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A new way of working in Yemen and helping Yemenis survive the crisis

A new way of working in Yemen and helping Yemenis survive the crisis

Sep 2, 2019

The extent of deterioration of basic services such as water, sanitation, agriculture and education had exhausted all available international humanitarian resources. The conflict has also exacerbated the country’s chronic poverty, resulting in a drastic increase in severe hunger and UNOCHA figures site 2 million children and 1.14 pregnant or lactating mothers suffer from acute malnutrition. The conflict has devastated the health care system, with 49 percent of health facilities not functioning or partially functioning. There are 10 health workers per 10,000 people in Yemen. Furthermore, the serious damage caused to the country’s water and sanitation infrastructure has exposed the population to water-borne diseases and other health risks.

 

To help Yemenis cope, ECRP has successfully created jobs by making use of existing capacities through the SFD and PWP. In 2018 alone, around 1,899 large-scale, cash-for-work sub-projects were implemented, benefiting nearly 3.4 million Yemenis.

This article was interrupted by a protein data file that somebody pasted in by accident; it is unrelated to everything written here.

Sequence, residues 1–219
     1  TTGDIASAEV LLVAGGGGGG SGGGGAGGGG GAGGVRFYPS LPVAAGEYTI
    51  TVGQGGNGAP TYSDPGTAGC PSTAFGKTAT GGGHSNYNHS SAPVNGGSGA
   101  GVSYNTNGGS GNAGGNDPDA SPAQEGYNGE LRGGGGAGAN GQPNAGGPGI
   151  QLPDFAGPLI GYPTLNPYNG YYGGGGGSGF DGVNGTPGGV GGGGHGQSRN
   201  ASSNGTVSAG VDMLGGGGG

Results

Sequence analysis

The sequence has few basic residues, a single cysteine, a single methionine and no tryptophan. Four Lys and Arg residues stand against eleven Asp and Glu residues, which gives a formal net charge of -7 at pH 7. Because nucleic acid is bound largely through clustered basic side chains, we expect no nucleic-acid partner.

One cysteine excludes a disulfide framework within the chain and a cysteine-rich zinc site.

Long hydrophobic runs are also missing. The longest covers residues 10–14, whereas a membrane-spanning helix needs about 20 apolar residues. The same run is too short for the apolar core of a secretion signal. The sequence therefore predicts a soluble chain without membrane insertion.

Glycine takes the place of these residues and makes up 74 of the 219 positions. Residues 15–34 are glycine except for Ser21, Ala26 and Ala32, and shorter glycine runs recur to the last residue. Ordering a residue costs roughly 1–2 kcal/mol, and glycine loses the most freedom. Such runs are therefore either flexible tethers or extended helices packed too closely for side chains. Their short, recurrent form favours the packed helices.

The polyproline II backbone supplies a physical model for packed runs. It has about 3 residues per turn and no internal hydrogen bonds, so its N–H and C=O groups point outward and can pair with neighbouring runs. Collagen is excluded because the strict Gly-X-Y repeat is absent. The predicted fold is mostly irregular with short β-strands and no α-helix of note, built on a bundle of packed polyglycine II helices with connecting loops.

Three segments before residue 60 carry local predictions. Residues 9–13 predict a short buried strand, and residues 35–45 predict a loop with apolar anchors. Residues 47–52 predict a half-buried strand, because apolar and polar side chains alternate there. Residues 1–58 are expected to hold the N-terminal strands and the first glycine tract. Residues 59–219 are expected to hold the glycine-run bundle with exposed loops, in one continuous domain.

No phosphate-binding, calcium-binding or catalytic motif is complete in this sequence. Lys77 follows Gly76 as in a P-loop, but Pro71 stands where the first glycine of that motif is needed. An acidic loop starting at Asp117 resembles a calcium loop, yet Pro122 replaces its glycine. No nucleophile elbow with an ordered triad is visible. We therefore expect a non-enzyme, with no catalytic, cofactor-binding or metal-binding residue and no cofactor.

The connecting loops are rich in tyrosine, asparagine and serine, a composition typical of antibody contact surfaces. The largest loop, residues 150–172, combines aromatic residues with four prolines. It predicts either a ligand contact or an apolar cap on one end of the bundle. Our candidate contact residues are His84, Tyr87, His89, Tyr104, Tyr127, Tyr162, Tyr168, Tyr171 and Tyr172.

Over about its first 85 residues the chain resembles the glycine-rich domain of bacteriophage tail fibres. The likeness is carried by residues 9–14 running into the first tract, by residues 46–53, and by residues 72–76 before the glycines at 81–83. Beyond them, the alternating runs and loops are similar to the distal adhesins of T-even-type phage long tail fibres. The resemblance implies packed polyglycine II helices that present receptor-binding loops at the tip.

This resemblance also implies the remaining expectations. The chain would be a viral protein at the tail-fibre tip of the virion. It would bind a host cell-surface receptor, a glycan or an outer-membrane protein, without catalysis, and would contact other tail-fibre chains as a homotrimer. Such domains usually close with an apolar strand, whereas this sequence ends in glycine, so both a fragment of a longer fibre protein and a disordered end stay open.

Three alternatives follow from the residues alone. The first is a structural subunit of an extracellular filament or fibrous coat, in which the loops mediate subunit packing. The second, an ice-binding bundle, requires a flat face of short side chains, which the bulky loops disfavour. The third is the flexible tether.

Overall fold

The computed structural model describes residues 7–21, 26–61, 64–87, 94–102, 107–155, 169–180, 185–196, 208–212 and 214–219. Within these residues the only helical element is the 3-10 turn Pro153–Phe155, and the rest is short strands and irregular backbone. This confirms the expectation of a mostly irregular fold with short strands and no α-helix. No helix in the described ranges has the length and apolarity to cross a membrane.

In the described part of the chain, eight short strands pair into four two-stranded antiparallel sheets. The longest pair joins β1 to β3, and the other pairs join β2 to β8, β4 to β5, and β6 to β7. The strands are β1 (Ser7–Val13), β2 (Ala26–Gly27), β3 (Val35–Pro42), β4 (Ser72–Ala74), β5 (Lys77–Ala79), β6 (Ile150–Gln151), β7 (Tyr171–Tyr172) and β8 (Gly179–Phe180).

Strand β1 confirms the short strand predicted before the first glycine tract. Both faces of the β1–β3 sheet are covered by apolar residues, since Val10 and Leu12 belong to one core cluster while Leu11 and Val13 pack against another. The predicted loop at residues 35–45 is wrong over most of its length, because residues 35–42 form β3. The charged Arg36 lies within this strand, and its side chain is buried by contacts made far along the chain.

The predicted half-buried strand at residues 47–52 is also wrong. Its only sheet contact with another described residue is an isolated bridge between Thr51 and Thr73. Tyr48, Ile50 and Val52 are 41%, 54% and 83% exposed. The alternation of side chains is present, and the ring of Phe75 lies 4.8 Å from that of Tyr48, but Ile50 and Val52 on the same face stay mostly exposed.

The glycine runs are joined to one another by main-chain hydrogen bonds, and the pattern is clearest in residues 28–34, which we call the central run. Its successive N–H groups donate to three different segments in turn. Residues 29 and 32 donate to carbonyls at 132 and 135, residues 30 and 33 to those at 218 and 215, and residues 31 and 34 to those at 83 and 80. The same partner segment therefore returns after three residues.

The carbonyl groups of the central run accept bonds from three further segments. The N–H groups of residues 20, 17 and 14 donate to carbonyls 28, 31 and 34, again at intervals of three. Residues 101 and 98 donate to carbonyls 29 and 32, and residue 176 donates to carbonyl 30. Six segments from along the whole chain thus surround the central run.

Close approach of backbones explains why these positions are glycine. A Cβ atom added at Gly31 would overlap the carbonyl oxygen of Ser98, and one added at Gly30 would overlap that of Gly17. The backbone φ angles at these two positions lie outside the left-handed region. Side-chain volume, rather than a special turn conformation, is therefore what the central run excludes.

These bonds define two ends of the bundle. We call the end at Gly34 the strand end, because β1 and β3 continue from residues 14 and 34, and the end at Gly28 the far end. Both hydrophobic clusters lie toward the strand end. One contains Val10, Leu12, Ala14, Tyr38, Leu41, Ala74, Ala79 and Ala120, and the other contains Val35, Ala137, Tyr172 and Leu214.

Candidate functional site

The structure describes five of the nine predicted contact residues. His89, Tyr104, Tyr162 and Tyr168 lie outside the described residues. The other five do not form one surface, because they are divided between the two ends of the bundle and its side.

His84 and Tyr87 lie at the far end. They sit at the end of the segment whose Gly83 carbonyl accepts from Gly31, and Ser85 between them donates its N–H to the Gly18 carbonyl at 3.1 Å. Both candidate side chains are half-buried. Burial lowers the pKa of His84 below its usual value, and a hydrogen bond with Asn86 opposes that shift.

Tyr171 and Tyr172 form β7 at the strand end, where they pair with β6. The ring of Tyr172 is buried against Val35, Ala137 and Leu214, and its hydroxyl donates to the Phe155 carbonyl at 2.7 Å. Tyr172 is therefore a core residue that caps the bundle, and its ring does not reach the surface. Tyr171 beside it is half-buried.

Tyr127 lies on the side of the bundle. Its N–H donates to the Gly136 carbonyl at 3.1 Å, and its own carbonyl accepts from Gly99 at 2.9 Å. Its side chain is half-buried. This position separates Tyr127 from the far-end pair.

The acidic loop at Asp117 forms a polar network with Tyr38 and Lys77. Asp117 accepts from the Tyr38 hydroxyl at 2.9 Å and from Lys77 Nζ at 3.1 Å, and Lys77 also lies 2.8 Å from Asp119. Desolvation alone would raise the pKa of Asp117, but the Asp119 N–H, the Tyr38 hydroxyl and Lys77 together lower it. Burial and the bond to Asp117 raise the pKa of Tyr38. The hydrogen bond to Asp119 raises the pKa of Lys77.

These sub-projects created jobs for more than 344,550 people – 20 percent of whom are internally displaced and/or returnees. The jobs created are generally associated with the repair of key basic services for vulnerable people and communities, including the building of domestic water supply systems, protecting farmland to maintain optimal production, paving roads to provide safe access to healthcare and food, and rebuilding damaged schools for students to continue their education.

 

The project also works to ensure small businesses have an opportunity to stay afloat during the crisis, helping communities keep citizens employed and families fed. ECRP supported nine major national microfinance institutions so that more than 84,000 small business clients across Yemen – such as farmers, fishermen, midwives, grocers and pharmacists – can maintain access to financing and continue operating. Some 8,695 of these businesses were on the verge of collapse as a result of the conflict, but were revived with the project’s support.

 

The project has also approached the food crisis from new angles. Through joint interventions, 3,636 female community health promoters have been trained and contracted to work in health facilities. In 2018, they treated and educated nearly 300,000 mothers and children suffering from malnutrition.

 

The impact of ECRP across Yemen has been tremendous, helping the Yemeni people regain access to key services, earning wages to allow them to purchase basic necessities for themselves and their families, and – most importantly – restoring their dignity.

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